Banned Books Week: All Controversy All The Time

Banned Books Week: All Controversy All The Time

First it was the poster debacle. Now come all of the complaints about the point of celebrating Banned Books Week. I just finished reading an article on Slate called Banned Books Week Is A Crock and I had some thoughts I wanted to share.

I do cringe a little bit as this week approaches. There are some things about librarianship that do that to me. The whole librarian superhero thing, wearing a cape and fighting for your freedom to read, etc. It looks good and it feels good. But now it seems like a bunch of patting-ourselves-on-the-back show. Absolutely, we play a role in all that and we are actually one of the last few institutions strictly about service to the public and not profit in any way. Coming from a background in fundraising, business, and politics, this never ceases to be refreshing to me.

Librarians tend to fall into two, possibly three I guess, camps about Banned Book Week. The first is the cape-wearing superhero camp. The second is the “doesn’t anyone know the definition of censorship?!” camp (see The Annoyed Librarian). The possible third one might be the I-don’t-really-care camp. I suppose I am mostly in the second camp, although this Slate article had me saying, “Ya, but wait a minute…”

The article by Ruth Graham is asking if we really need to publicize Banned Books Week anymore because the good guys won. She closes with the statement,

This Banned Books Week, instead of hand-wringing about a nonexistent wave of censorship, let’s celebrate the obvious: The books won.

I agree that it may not really be “necessary” anymore, but I don’t think there is anything wrong with calling attention to the reasons why it exists. Is anyone really claiming that BBW is doing anything other than reminding us that we don’t really have to worry about this anymore? I don’t know that anyone is really “hand-wringing”…

To be fair, Graham does point to the historical need:

Once upon a time, book bans were a serious issue in the United States. The Comstock Law, passed by Congress in 1873, made it illegal to circulate “obscene literature.” Even classics like The Canterbury Tales fell under that description in the eyes of Victorian moralists, and in the middle of the last century, publishers and booksellers of forbidden novels including Tropic of Cancer and Fanny Hill were actually prosecuted in court. But in the years since, social and legal tolerance for censorship plummeted. A 1982 Supreme Court decision, Island Trees School District v. Pico, ruled that local school boards can’t remove books from their libraries simply because they’re offended by them.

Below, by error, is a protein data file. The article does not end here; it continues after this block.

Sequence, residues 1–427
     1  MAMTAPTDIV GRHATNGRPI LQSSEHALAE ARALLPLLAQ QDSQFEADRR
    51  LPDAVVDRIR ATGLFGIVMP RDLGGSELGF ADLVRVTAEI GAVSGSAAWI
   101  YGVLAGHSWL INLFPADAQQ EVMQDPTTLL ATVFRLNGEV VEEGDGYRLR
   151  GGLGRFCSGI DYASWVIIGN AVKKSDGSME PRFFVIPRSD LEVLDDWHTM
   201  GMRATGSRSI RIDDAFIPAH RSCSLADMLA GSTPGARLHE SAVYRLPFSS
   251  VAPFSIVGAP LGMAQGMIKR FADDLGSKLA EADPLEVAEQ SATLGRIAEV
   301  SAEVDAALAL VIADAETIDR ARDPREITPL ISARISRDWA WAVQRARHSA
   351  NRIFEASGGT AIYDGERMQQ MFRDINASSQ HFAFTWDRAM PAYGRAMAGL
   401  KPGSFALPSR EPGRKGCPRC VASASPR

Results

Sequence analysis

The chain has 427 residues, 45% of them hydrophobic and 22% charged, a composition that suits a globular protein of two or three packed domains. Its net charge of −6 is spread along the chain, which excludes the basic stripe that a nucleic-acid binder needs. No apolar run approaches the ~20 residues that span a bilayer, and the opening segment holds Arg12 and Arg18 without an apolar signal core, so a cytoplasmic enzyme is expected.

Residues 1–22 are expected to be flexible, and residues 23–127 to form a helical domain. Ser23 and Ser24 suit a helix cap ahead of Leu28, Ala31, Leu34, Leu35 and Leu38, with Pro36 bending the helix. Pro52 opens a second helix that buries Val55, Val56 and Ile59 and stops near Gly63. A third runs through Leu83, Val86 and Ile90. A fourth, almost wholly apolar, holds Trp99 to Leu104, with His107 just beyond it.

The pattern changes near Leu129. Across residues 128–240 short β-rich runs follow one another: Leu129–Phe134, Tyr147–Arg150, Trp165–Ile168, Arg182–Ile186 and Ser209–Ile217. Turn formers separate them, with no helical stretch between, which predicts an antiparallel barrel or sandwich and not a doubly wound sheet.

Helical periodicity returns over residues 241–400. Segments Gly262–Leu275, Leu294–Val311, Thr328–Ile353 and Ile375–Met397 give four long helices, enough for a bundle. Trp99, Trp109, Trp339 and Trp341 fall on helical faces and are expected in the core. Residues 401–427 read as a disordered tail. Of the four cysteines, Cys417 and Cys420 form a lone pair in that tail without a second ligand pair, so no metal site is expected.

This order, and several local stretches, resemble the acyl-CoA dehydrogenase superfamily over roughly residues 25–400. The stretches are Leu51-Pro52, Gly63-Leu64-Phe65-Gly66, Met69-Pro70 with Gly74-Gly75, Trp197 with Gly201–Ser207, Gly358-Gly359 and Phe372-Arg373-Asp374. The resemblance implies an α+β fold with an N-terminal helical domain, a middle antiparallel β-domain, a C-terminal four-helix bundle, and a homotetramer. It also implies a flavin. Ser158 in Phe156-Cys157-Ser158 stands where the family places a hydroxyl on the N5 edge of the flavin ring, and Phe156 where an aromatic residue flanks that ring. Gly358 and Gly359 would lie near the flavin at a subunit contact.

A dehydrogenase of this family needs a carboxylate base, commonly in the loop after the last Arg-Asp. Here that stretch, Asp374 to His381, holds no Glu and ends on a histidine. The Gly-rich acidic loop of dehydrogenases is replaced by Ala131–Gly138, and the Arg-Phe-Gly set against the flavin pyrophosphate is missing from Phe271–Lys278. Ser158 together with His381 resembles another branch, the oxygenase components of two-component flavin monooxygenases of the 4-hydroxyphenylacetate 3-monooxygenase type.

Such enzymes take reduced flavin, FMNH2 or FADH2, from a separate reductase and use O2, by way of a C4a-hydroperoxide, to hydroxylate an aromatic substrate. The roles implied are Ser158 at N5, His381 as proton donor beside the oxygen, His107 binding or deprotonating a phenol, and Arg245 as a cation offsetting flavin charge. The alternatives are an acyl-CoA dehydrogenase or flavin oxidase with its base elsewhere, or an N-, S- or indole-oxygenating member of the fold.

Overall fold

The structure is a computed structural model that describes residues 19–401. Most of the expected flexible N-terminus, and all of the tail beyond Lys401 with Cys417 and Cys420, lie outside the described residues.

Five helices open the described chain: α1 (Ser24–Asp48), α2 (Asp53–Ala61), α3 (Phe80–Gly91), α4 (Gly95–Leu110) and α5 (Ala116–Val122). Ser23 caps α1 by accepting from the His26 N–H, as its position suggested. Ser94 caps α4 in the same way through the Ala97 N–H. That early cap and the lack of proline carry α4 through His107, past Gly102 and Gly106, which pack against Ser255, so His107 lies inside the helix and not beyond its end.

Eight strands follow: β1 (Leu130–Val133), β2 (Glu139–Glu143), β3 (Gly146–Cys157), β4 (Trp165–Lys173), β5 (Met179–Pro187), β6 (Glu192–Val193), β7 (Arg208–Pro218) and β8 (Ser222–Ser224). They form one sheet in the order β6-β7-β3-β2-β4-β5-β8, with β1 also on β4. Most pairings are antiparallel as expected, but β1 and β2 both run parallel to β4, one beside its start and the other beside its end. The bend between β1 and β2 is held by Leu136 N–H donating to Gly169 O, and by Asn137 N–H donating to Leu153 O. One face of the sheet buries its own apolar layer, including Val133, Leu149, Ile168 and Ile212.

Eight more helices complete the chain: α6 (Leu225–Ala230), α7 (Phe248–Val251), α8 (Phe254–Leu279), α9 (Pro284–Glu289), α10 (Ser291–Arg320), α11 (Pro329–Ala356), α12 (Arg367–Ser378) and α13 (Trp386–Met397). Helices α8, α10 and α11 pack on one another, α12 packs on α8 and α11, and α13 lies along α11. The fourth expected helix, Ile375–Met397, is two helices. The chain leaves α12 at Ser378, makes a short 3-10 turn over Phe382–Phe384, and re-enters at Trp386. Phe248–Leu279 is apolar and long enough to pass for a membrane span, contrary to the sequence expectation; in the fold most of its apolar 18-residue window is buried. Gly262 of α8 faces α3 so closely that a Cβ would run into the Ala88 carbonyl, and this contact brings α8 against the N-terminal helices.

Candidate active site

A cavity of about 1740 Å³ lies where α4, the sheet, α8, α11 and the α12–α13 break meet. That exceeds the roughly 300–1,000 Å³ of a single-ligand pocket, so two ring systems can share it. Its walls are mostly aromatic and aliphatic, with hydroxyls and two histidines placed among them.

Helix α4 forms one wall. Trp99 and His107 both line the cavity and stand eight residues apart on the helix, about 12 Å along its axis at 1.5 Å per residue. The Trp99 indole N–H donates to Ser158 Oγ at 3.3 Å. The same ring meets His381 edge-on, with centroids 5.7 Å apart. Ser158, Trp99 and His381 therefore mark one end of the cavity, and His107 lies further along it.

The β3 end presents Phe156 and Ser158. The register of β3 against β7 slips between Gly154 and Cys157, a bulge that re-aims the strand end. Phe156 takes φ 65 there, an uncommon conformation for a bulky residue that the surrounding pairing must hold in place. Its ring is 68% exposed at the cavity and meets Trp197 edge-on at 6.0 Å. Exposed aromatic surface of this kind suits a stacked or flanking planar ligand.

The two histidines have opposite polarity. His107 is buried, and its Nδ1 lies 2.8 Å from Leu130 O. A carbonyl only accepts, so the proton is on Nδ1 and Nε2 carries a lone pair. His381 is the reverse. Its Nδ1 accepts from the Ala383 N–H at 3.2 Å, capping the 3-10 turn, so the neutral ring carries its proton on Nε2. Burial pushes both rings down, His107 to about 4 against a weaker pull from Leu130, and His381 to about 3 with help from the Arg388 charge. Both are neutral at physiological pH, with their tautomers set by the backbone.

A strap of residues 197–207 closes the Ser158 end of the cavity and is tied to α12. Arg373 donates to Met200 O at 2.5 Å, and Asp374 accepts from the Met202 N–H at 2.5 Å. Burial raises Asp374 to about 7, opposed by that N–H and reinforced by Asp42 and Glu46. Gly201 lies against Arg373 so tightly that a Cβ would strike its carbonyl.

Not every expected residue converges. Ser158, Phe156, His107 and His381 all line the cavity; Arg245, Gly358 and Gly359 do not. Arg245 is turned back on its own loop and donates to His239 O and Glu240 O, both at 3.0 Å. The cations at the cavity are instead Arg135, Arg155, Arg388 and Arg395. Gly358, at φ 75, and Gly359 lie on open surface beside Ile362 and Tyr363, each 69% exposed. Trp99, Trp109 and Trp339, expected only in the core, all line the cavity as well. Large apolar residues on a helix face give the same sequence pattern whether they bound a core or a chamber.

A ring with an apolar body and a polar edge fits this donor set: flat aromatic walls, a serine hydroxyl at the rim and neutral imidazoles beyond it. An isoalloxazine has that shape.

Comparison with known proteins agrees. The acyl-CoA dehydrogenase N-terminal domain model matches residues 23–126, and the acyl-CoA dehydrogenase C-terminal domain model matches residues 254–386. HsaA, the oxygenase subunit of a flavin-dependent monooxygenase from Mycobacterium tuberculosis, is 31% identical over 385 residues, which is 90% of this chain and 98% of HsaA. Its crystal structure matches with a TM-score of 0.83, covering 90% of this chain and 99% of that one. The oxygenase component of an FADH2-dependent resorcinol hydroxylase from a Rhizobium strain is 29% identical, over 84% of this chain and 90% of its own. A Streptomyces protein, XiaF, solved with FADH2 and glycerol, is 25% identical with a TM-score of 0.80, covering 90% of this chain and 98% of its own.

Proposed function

Once upon a time, if your local library and bookstores didn’t carry a book, it would have been very difficult to procure it elsewhere. But of course we’re now living in an era of unprecedented access to reading material.

I completely understand that the terms “censorship” and “banned” are used inappropriately when talking about what is actually happening. There are, unfortunately, plenty of challenges today. For instance, over the summer at a high school in Charleston, South Carolina a parent challenged Courtney Summers’ book Some Girls Are which appeared only on a suggested summer reading list from the local school. Suggested, people! Instead of suggesting her child pick a different book on the list, the mother wanted it removed all together, calling it “smut”. A librarian blogger worked with the public library in Charleston and put out a call for donations of the book that they could distribute to the teens. They purchased or got donations of over 800 copies of the book!

Here is a picture of their efforts:

So thankfully a true book banning is extremely rare in the United States today. But these are disagreements with how BBW is publicized, not the need for it. To me this is almost like asking if we don’t need to talk about suffrage because so many oppressed people now have the right to vote.

Bottom line is this: Every year during BBW I try to pick up a title that has been controversial either that year or historically, read it, and become acquainted with the challenges it faced. Perhaps others will do the same. Anything that could provide reason for someone picking up a book is worthwhile, in my mind. And if along the way the reader spends some time thinking about the reasons behind the reason for the challenge (religion, “protecting” kids from something, oppression, racism, etc.), then so much the better?

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